By Linus Rees
Michel Maly’s solo exhibition at the Woolf Gallery, Charlotte Street, mostly showcases a study of French cafe life with the occasional excursion to Venice and New York. Gallery owner Malcolm Woolff is a personal collector of Maly’s works he gives me a description the artist’s work.
“Maly has been exhibiting for more than 50 years,” says Malcolm. “The characters in Michel Maly’s paintings glow. His work is post-impressionist and can be summed up by the artists own words: ‘The drawing for me is the food of the canvas which will give the canvas a truth. That is why, while I am painting in nature, I don’t only look at it, but I also breathe it and listen to it, in order to become impregnated with it’.”
I’m not exactly sure where post-impressionism sits with impressionism, so I ask Malcolm to try to clarify for me what it’s all about.
Malcolm explains that when the camera started to capture images in the middle of the nineteenth century artists began to re-assert themselves in a way that wasn’t competing with the camera but in a way that interpreted scenes and made “impressions” of them. “The camera could take complete images in real time. So painters started to look at new ways at looking at something. Instead they tried to portray the actual character of their subjects,” says Malcolm.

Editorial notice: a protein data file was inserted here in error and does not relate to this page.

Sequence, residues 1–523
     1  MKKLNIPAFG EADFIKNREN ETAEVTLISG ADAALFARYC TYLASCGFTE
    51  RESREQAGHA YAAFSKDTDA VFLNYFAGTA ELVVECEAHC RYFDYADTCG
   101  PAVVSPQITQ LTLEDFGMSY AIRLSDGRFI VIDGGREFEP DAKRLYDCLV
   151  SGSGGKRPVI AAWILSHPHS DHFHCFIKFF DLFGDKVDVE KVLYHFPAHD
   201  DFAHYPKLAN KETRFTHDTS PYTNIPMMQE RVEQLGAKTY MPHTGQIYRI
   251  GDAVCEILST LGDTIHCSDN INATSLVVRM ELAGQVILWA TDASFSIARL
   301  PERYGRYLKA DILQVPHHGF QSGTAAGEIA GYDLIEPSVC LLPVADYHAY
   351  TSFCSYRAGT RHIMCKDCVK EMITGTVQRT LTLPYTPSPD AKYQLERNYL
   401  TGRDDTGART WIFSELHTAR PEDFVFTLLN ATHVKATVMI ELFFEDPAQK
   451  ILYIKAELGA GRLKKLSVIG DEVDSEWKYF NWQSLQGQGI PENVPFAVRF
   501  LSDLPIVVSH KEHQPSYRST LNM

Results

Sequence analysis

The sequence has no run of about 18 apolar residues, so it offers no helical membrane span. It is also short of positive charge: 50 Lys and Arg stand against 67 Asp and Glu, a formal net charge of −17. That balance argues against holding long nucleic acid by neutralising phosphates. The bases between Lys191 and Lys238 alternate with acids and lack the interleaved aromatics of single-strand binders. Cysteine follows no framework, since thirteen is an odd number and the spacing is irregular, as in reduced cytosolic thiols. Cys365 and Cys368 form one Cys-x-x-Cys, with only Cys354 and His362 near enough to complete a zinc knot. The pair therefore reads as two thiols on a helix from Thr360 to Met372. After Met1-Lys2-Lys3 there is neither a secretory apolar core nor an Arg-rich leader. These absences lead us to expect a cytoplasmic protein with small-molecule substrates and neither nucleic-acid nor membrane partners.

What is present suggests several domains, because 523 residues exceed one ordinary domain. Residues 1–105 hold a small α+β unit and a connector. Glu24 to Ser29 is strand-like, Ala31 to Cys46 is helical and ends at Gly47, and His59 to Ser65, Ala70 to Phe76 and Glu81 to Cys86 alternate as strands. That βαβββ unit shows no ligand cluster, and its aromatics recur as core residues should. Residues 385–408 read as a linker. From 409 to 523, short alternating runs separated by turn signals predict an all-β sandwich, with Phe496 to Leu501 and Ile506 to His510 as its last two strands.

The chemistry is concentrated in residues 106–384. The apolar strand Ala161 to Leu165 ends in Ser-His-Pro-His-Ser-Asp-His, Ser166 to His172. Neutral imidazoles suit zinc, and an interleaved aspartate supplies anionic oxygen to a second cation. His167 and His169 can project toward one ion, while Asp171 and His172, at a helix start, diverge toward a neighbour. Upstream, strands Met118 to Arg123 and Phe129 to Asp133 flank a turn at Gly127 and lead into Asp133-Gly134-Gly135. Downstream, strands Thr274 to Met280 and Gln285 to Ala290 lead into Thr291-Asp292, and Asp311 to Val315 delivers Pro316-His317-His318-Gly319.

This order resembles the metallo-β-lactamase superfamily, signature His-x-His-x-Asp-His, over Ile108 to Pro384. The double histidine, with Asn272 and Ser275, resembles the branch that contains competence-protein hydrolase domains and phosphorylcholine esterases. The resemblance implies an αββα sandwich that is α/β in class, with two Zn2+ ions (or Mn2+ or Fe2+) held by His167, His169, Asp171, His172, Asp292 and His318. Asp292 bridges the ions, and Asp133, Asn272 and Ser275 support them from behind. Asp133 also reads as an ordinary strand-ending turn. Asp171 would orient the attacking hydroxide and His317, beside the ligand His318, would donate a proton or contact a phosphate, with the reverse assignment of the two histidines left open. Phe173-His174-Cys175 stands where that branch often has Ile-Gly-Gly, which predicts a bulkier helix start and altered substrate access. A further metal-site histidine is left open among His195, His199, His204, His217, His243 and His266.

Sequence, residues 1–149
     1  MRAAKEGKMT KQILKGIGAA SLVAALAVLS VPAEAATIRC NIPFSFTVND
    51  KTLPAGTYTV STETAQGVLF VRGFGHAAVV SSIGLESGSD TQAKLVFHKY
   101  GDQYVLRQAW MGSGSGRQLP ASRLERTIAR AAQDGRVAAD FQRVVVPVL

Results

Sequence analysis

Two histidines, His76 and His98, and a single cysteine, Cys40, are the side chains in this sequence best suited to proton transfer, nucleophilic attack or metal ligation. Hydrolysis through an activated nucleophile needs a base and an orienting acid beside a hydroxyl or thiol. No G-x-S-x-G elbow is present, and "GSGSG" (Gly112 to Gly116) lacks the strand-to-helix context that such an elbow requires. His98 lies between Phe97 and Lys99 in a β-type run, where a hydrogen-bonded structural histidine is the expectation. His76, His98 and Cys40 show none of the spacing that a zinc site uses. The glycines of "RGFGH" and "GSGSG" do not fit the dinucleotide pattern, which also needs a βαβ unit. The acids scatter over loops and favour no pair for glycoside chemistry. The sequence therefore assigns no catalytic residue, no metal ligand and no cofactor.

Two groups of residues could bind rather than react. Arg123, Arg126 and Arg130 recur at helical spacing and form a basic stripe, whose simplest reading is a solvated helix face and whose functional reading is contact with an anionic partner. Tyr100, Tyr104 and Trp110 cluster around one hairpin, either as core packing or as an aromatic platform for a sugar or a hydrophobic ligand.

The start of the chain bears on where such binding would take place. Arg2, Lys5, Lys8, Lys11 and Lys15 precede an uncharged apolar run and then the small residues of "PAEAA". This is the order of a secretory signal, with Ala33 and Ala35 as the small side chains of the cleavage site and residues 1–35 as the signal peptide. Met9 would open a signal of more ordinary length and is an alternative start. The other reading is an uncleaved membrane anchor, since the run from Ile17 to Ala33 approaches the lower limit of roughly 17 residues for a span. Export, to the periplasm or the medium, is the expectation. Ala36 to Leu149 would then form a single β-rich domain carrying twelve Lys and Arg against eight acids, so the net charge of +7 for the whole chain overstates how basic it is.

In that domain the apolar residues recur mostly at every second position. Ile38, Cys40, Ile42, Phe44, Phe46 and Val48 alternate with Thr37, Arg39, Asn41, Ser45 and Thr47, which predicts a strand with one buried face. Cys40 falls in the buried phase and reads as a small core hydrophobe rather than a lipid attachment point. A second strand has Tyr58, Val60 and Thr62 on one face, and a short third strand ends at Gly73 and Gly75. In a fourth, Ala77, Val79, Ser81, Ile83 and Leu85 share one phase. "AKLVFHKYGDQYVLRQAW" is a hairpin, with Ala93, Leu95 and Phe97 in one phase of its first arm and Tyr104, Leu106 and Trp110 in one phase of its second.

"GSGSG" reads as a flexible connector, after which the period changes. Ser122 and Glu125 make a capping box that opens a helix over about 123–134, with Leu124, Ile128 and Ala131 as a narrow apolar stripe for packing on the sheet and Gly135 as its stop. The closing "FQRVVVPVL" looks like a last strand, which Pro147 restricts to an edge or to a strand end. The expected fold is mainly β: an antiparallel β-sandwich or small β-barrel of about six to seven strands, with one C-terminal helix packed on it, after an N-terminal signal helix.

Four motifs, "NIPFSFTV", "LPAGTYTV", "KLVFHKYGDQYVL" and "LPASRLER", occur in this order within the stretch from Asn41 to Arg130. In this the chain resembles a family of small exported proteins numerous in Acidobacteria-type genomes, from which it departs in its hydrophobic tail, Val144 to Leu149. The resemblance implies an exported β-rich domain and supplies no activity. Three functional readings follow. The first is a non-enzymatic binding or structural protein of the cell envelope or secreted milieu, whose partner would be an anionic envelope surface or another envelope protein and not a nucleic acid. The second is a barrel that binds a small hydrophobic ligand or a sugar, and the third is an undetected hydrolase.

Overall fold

Post-impressionism is what came after this from the early twentieth century. It was the artist and critic Roger Fry who coined the phrase post-impressionism. Fry, a member of the Bloomsbury Group, had a studio on Fitzroy Square. These post-impressionist artists wanted to push the boundaries of impressionism. “Michel Maly,” says Malcolm Woolf, “continues this post-impressionist tradition with his work.”
Michel Maly solo exhibition is at the Woolff Gallery, 89 Charlotte St, London, W1T 4PU until 16 October 2010